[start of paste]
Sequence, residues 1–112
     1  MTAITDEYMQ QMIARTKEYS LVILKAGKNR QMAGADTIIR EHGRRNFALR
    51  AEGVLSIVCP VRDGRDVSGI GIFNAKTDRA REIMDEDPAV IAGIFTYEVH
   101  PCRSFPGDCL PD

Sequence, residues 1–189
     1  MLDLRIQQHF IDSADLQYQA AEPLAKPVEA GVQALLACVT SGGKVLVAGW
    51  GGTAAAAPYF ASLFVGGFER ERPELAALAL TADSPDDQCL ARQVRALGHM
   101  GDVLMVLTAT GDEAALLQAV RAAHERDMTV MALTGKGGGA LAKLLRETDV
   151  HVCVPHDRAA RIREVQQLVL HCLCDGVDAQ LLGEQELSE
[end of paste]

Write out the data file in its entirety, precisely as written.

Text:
Sequence, residues 1–112
     1  MTAITDEYMQ QMIARTKEYS LVILKAGKNR QMAGADTIIR EHGRRNFALR
    51  AEGVLSIVCP VRDGRDVSGI GIFNAKTDRA REIMDEDPAV IAGIFTYEVH
   101  PCRSFPGDCL PD

Sequence, residues 1–189
     1  MLDLRIQQHF IDSADLQYQA AEPLAKPVEA GVQALLACVT SGGKVLVAGW
    51  GGTAAAAPYF ASLFVGGFER ERPELAALAL TADSPDDQCL ARQVRALGHM
   101  GDVLMVLTAT GDEAALLQAV RAAHERDMTV MALTGKGGGA LAKLLRETDV
   151  HVCVPHDRAA RIREVQQLVL HCLCDGVDAQ LLGEQELSE